Arnold Schwarzenegger wasn’t in any movie released in the year following Twins. I would like to think that he had receded into isolation, that he took the time for some introspection, some reflection on just what it meant to be an action star in the 1980s. Explosions. Big guns. Massive body counts. He was a master of everything that made action flicks great, and just about all of it was discarded in Twins. I hope he found new purpose, a new center, in his life. But very probably, he was enjoying the new house all that Twins money bought him. Seriously, that movie was a smash hit. And so was his next film, Total Recall, which was released in 1990.
Total Recall was a return to form for Arnold. And its success probably owes a lot to Twins. Arnold was never able to get over the hump into superstardom until Twins. Afterwards, he had a built-in audience for every movie he was in. Total Recall was fortunate it was the first film after, as it probably owes some of its quarter-billion dollar box office to Twins turning Arnold into a very bankable star.
Total Recall is adapted from the Philip K. Dick short story, We Can Remember It for You Wholesale. Dick’s work is an endless fount of source material for Hollywood, and it all began less than a decade before Total Recall with Ridley Scott’s Blade Runner. Dick was perhaps the best science fiction writer of all time. His novels follow a particular pattern, usually told in three acts. In act one, we meet the main character, and the universe he lives in is described, with all of its foibles and eccentricities. In the second act, Dick destroys whatever stability both the character and the reader have, his sole aim seeming to be introducing chaos and confusion into the narrative. Finally, in the third act, the hidden truth is revealed, and the story reaches denouement. Put more simply, Dick was a master of the mind-fuck. But, his mind-fucks are generally far too complex for film, so Hollywood adaptations dumb down his stories quite a bit. Rather than this being a bad thing, in actuality it is a recognition that film has limits that prose does not. Even trimmed down, Dick’s stories are still quite meaty.
In Total Recall, Arnold plays Doug Quaid, a mild-mannered construction worker in an unnamed city in the not too distant future. His life is fairly boring. He lives in a drab apartment and works a menial job. Worst of all, his wife, played by Sharon Stone early in her career, is a ten. Never before has the axiom that a man can become accustomed to anything been demonstrated to be more true than in the dead eyes with which Quaid beholds his stunner of a wife.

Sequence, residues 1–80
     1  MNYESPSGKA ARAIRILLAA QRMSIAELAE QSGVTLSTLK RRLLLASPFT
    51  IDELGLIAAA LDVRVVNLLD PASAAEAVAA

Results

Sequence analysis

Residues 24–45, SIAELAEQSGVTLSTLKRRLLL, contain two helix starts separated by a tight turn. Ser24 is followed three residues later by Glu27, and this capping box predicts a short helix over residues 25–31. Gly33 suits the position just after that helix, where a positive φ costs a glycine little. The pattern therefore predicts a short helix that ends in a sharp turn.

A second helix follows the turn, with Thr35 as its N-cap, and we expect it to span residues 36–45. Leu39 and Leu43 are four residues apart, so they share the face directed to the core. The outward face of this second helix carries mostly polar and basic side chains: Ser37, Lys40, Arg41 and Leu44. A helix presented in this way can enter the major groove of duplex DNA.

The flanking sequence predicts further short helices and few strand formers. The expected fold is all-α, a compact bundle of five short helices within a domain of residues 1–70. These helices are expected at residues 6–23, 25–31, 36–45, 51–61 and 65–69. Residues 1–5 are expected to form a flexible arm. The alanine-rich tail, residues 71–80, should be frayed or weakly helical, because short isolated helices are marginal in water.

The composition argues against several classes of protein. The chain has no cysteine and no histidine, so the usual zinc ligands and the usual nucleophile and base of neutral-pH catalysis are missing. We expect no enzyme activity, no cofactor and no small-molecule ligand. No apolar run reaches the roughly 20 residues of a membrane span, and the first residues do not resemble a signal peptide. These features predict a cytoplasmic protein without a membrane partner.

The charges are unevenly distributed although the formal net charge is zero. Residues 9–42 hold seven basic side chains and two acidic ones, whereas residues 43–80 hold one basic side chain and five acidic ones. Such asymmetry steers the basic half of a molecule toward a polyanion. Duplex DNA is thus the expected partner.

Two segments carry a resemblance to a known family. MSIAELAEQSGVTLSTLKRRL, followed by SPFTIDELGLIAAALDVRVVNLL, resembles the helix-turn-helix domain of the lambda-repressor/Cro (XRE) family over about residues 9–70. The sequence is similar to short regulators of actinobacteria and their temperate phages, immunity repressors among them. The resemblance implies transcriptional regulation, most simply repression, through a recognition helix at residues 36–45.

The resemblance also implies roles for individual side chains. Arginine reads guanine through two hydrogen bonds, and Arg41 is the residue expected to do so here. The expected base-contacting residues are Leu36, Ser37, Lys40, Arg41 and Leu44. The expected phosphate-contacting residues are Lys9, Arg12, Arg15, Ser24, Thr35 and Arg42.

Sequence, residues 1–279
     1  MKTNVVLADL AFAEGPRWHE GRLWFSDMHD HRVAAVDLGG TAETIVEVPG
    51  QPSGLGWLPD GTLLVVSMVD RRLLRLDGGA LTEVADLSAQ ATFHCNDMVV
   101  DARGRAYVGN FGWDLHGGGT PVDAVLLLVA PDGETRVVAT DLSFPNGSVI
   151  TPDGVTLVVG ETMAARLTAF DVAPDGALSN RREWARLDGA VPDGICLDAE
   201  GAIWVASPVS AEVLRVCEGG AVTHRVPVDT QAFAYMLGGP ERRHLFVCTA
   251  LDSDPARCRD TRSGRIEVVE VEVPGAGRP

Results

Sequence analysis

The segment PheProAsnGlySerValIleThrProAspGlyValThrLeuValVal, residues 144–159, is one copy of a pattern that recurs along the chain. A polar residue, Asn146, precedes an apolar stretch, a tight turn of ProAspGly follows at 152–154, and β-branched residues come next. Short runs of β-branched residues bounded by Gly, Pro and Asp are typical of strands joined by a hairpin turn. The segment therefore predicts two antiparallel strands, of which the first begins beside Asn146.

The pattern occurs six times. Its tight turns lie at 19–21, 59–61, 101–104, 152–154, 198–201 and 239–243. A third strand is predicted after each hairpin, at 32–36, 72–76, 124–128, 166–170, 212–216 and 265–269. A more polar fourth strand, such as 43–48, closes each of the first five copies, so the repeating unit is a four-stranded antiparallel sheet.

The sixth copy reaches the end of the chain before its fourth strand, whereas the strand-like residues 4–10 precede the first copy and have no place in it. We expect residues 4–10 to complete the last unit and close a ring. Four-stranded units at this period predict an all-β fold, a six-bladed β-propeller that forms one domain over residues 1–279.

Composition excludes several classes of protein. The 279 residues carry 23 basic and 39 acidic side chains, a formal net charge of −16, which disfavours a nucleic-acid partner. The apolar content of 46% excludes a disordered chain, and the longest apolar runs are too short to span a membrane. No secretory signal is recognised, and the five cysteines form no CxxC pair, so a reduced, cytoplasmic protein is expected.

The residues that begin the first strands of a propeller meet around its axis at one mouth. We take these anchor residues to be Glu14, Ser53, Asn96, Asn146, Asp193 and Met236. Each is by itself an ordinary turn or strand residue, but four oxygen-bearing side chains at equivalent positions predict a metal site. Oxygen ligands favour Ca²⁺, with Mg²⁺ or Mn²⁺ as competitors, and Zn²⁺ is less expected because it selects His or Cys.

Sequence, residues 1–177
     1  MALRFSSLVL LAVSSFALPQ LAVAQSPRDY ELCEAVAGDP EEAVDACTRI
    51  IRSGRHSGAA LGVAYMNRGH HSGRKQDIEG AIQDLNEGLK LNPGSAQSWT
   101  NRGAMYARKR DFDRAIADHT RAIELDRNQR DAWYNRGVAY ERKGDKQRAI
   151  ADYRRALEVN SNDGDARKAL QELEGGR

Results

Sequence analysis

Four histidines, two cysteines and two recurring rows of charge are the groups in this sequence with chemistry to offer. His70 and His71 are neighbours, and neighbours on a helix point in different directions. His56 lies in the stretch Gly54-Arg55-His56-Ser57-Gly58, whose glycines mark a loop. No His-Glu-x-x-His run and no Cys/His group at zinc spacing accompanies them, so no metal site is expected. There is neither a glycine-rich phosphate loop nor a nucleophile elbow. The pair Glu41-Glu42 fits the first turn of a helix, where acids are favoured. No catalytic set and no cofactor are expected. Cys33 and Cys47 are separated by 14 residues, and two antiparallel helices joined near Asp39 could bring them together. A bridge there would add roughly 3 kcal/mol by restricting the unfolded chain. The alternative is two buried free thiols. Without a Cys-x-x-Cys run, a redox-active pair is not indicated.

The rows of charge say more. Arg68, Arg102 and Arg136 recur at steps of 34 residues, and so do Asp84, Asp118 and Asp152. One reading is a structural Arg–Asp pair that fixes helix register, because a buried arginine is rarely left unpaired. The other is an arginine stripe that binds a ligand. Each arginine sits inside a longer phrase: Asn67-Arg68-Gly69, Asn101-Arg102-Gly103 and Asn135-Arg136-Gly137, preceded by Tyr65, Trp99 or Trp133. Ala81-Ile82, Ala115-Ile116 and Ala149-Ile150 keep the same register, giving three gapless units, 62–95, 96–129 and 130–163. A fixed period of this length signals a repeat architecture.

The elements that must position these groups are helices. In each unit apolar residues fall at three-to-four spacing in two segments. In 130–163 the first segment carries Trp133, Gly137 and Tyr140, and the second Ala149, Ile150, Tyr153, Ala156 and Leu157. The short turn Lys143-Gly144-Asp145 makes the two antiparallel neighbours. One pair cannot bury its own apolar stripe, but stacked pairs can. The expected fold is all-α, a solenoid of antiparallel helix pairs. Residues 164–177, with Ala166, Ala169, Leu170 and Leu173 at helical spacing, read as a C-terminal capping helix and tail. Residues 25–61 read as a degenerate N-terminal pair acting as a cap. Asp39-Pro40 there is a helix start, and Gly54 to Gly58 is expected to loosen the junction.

Anyway, because he hates his life so much, Quaid decides to go to Rekall, a company that can implant memories in a person’s head, like they just got back from vacation. But...something goes wrong. It turns out that someone has already been messing with Quaid’s head. It looks like he might not be the boring, beefcake construction worker he thinks he is. He might be a secret agent on Mars. Wow, that’s quite the turn of events.
The setting shifts from Earth to Mars, and it turns out that Quaid is really a double or triple agent working with the Mars resistance or for the evil Cohaagen (Ronny Cox). Motivations and allegiances can be nebulous at times in this one. It’s all part of adapting Dick. But all the things occurring on Mars is not the Dicksian mind-fuck. Oh, no. I won’t spoil it for any of the Loyal Seven that have not seen the movie, but all might not be as it seems.
The film was directed by Paul Verhoeven, and was the middle film in a sci-fi trilogy that began with Robocop and ended with Starship Troopers. There were a couple of other films in between, but it’s the three sci-fi films, with their commentary on fascism and corporate overreach that define his work for me. Total Recall is the best of the three, although neither it nor Robocop approach the sublime level of satire that permeates Starship Troopers.
But, this month is all about Arnold, not Paul Verhoeven. So, how was he? After having to sit through an hour and a half of smiling simpleton Arnold in Twins, I was thrilled to see Arnold kicking ass again. My personal favorite sequence in this film is Arnold murdering about a half-dozen lab technicians with his bare hands. This is a howler of a scene, because all the guys attacking Arnold really look like a collection of lab geeks. Why in the world would they attack this hulking behemoth of a man? If I had been one of them, I would have calmly showed Arnold to the door, then dialed 911 after he left. He murdered those poor, misguided fellows. Pro tip, if you have a PhD, do not attack a secret agent trained in all sorts of exotic methods of killing people. I can’t believe I have to make that clear.
Total Recall is a hell of a watch, and one of the movies that any fan of action or sci-fi needs to find, the sooner the better.